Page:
Here is Kyle with a review of Guy Ritchie's The Man From U.N.C.L.E.
Entries in Reviews (314)
Jose here. In between making appearances in what seems to be every single movie being made, Joel Edgerton has been doing his homework and studying the creepy thrillers of Michael Haneke and Roman Polanski, since he emulates both auteurs’ styles in his directorial debut The Gift. The film stars Jason Bateman and Rebecca Hall as Simon and Robyn, a married couple who have just moved into their new home in Los Angeles when they run into Gordo (played by multitasker Edgerton who also wrote the screenplay), a former high school classmate of Simon’s who wishes to befriend them, but lacks the social skills to figure out that Simon isn’t interested in welcoming into his life.
We learn that back in high school, Gordon went by the nickname Weirdo and was the constant target of pranks made by Simon and his friends. Suggesting that we never really leave our high school roles behind, we see how Gordo turned into a self-loathing underachiever, while Simon became a successful executive who married the most beautiful girl in town - a former bookworm - and made a career for himself by bullying people in the corporate world. As strange things begin to happen in Simon and Robyn’s home, we are led to believe that maybe Gordon is seeking payback for the psychological torture he endured at Simon’s hands, and yet there is also a more perverse feeling of karmic retribution that at times makes us root for the sociopathic underdog. If he is a sociopath to begin with…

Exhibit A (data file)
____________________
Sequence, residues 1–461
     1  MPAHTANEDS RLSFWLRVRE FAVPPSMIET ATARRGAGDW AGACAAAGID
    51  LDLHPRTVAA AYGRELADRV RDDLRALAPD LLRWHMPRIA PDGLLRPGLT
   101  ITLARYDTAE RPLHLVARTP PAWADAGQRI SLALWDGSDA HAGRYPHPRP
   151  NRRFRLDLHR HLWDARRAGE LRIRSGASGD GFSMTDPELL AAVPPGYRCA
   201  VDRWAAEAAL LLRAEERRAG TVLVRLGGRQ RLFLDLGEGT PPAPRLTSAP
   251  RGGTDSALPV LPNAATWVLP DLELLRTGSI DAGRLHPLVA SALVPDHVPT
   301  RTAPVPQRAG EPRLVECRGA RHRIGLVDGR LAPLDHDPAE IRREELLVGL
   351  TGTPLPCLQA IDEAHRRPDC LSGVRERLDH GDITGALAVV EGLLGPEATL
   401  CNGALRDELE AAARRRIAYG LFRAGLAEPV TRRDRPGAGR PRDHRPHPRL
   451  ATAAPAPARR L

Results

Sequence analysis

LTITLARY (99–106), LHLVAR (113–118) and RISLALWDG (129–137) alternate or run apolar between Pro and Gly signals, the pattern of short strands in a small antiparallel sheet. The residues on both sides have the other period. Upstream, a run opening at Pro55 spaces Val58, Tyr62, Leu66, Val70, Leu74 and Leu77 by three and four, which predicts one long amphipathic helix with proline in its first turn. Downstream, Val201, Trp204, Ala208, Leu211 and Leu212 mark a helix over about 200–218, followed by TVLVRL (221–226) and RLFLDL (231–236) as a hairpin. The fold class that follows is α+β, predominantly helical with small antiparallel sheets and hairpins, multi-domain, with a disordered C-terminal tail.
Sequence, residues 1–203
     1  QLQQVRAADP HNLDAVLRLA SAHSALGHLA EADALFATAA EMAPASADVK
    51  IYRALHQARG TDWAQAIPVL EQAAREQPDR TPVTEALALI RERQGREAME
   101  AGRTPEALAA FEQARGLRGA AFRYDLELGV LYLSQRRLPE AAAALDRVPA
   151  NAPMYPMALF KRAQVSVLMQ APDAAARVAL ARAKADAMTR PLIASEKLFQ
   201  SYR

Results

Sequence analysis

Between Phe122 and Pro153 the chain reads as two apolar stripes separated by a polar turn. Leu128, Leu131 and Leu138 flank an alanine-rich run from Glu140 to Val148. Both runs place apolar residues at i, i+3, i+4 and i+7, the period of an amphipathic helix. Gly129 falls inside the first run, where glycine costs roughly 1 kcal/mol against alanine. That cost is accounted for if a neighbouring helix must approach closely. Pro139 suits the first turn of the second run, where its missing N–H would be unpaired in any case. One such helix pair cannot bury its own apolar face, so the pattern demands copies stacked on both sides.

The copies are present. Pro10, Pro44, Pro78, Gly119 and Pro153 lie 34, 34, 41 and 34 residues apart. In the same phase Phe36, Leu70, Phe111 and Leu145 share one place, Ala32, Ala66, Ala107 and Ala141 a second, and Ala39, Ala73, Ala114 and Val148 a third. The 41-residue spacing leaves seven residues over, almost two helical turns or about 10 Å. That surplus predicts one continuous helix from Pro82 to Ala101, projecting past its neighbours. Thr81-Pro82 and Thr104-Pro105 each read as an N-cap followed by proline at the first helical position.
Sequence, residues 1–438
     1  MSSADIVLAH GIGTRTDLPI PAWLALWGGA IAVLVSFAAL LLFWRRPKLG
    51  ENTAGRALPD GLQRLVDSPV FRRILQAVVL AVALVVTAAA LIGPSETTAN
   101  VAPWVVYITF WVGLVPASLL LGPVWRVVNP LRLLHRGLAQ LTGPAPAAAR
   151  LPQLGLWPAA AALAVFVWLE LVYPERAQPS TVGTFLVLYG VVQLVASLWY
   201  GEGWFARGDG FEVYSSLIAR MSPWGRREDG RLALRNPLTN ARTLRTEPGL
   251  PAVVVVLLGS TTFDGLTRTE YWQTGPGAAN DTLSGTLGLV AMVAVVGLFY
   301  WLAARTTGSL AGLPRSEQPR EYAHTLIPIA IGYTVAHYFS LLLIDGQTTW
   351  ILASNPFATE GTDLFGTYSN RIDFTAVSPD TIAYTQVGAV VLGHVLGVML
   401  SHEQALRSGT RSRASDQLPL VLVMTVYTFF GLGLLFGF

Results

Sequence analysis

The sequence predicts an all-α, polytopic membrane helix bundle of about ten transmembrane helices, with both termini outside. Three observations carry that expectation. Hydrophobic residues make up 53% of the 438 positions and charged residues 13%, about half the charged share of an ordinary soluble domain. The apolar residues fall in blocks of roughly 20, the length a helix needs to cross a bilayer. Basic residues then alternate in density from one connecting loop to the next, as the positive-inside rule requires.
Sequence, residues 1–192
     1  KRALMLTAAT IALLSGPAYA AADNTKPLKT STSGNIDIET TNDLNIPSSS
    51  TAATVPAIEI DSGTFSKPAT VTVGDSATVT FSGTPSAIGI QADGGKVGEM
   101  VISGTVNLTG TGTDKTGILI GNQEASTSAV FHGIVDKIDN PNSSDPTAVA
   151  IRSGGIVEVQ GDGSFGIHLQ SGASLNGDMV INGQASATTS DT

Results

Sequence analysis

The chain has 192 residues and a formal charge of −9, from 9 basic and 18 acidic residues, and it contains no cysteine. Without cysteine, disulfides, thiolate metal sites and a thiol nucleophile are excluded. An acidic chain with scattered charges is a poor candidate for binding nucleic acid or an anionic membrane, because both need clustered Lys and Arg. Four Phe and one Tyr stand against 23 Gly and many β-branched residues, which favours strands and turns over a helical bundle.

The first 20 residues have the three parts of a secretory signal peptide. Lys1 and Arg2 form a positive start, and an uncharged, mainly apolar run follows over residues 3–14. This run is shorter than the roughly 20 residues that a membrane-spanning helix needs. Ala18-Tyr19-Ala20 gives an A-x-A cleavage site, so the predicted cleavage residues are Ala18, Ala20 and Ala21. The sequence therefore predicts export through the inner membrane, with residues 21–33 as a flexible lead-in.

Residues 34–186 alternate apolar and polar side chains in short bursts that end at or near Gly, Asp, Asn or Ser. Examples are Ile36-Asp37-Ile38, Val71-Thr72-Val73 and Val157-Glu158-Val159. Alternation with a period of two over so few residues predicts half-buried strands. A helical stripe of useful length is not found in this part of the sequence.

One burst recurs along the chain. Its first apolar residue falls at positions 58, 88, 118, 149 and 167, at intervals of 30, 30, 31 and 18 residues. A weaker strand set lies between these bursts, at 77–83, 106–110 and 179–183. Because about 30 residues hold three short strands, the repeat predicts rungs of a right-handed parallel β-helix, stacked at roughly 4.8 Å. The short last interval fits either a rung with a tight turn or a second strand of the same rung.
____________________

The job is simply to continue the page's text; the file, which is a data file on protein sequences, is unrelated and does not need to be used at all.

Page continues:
Edgerton’s film is filled with so many nuances that we are never truly sure of who is playing who. He manipulates the very same genre conventions he’s borrowing from, and instead of presenting Gordo as the perpetrator, he makes us wonder if by assuming the “odd dude” is the villain, we’re not becoming bullies ourselves. Combining elements from Gaslight, Funny Games, Repulsion and Caché, Edgerton weaves a stylish thriller that poses complex questions about human behavior without ever taking itself too seriously. There are scares galore, countless steamy shower scenes with damsels in distress, and more asshole-y behavior from Bateman’s character than you can imagine, and yet the movie feels fresh in its delivery. Like The Hand That Rocks the Cradle if Keyser Soze had been the babysitter, The Gift playfully evokes some of the most beloved contemporary thrillers, not all of which are great films, but most of which prove to become irresistible on repeat viewings. Who knew Edgerton had this in him?